As part of World Vision’s typhoon Yolanda 3rd year commemoration, more than 1,000 Yolanda survivors gathered for the CoMSCA Leaders’ Congress held at the Tacloban City Astrodome last November 5, 2016.
Flor Regonaos from Kalipayan, Tacloban City shares, “My husband and I are now able to better support our eight children. We were not just given the things we needed most but we were also taught how to sustain them by being more financially literate.”
Flor started her organic products business after she received P10,000 (est 208 USD) from World Vision. Encouraged by how it is growing, she uses her CoMSCA loans to further expand her product line. Flor is also thankful that aside from a flourishing business, her family now enjoys a safer space after receiving a full housing package.
CoMSCA, or the Community Managed Savings and Credit Association, is a World Vision economic development project model that aims to provide simple savings and loan facilities to communities where access to financial services is difficult.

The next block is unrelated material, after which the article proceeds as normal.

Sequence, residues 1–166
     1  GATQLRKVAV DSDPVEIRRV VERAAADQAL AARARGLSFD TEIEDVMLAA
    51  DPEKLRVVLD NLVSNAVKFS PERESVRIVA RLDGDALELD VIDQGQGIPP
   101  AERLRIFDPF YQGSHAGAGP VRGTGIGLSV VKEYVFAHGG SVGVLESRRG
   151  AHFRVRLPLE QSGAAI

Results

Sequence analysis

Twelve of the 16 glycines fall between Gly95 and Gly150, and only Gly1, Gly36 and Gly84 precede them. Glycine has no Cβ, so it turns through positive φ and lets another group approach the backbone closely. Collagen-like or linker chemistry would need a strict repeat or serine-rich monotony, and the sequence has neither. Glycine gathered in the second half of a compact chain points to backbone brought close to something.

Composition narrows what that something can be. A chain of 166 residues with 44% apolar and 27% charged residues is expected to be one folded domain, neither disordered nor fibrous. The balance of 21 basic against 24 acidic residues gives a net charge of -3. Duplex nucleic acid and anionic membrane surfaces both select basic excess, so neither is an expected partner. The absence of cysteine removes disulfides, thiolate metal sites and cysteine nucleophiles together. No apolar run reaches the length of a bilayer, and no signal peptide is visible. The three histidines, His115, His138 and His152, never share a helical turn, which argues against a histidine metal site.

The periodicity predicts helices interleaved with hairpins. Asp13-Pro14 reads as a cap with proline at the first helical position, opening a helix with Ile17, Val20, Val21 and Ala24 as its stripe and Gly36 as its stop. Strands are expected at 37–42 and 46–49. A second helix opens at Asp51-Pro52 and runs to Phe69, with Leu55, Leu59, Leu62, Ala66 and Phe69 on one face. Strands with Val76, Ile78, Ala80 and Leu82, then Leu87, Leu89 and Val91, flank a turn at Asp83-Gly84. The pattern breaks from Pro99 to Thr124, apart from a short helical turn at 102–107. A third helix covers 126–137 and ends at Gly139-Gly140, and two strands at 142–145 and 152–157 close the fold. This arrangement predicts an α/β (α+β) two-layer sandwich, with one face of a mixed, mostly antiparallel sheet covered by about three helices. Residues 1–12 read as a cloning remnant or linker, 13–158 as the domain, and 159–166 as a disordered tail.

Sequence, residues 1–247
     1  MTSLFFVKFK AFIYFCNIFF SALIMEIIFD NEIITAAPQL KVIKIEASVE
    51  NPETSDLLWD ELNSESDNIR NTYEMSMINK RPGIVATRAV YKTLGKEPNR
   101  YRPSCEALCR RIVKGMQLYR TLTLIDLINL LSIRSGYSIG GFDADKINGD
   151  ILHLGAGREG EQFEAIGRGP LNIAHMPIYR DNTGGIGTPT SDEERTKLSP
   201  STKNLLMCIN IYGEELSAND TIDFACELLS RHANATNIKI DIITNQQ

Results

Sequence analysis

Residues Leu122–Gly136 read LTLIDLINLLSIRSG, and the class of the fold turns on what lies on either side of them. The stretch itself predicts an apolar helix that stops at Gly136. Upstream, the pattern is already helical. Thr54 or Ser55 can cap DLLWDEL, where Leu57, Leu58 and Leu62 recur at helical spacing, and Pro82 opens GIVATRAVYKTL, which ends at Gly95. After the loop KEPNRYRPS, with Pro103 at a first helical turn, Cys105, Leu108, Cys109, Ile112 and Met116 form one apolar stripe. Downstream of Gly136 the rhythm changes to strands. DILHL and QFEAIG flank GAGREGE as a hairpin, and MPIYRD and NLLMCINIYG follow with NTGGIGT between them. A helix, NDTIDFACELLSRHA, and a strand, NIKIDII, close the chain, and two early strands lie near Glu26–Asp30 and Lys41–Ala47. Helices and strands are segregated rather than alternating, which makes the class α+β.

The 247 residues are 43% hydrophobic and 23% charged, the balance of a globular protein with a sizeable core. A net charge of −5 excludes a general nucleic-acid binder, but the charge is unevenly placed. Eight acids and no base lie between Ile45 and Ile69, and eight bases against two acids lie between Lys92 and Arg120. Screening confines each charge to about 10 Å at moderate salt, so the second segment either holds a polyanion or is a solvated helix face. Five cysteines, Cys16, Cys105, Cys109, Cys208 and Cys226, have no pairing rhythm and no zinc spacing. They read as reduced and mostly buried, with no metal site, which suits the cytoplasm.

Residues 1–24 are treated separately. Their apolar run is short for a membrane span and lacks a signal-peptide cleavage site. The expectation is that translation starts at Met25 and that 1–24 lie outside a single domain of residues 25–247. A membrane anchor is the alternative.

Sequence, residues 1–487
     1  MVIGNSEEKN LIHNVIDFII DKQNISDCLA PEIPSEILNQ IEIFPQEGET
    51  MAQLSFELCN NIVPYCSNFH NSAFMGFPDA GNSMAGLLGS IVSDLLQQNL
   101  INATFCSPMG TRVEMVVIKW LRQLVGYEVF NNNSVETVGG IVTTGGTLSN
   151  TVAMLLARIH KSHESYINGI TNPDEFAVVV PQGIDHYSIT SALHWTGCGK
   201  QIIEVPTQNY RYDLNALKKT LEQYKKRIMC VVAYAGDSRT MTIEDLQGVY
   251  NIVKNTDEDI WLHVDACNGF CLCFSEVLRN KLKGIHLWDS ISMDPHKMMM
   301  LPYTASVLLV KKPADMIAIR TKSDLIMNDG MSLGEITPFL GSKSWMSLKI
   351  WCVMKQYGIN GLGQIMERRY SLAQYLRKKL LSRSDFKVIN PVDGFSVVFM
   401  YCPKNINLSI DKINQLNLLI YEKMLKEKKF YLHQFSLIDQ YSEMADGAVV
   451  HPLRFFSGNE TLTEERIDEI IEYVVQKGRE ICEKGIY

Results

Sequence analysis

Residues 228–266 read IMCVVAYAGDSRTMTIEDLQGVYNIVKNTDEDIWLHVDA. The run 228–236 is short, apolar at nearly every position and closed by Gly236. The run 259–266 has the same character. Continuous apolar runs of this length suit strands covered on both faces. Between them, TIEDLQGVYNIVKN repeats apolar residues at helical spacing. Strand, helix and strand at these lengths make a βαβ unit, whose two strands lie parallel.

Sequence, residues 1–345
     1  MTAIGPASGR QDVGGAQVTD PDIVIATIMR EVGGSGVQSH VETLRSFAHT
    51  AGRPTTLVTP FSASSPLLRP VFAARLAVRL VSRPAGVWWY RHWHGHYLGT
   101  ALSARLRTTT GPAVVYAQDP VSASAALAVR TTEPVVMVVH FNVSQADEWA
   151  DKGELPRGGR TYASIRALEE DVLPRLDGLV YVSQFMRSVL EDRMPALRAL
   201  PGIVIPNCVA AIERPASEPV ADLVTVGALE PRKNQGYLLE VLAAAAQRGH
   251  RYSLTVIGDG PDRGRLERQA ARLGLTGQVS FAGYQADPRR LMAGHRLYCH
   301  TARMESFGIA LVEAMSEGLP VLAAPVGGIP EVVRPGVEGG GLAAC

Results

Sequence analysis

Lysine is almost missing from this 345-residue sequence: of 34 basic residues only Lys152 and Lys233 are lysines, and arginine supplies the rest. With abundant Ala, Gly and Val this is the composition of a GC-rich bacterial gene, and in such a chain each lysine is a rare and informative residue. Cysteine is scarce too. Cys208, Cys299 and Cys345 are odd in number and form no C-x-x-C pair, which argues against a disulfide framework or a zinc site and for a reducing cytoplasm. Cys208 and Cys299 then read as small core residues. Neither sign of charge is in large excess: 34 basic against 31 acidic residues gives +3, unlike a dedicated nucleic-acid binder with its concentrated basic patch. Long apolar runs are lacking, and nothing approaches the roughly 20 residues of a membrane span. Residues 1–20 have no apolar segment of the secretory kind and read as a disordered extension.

It’s a simple, transparent and self-managed savings mechanism where members of the community save together, lend their savings to each other and share the profits. Members provide their own savings and credit services at negligible cost, while retaining earnings and investment in their own communities.
The congress focused on the importance of saving for both children and their parents. Vic and Avelyn Garcia of Unleash International, Kevin Mark De Guia of Junior Ipon and Armand Bengco of Colayco Foundation graced the event. In Tacloban City alone, 205 CoMSCA groups with 107,000 members in total are now saving together. The groups have around Php 5.3 million (USD116,000) in current savings.
“We are overjoyed to see where the people of Leyte have come, three years after Yolanda. From delivering life-saving essentials to helping them rebuild, World Vision has been intentional in instilling self-sufficiency to the people it works with,” shares Ajab Macapagat, World Vision Typhoon Haiyan Response Director. “From what we’ve heard and seen during the congress, World Vision will close the Haiyan response with confidence, knowing that the people are taking charge of their recovery. World Vision’s typhoon Haiyan response is now transitioning to development work, ending its emergency response work in Tacloban City but remains active in Leyte through child sponsorship supporting development programs on child protection, health and nutrition, disaster risk reduction and economic development. The response has reached nearly 1.6 M people in the Haiyan corridor in the Visayas region, serving disaster-affected families in 7 provinces during the emergency, recovery and rehabilitation phase.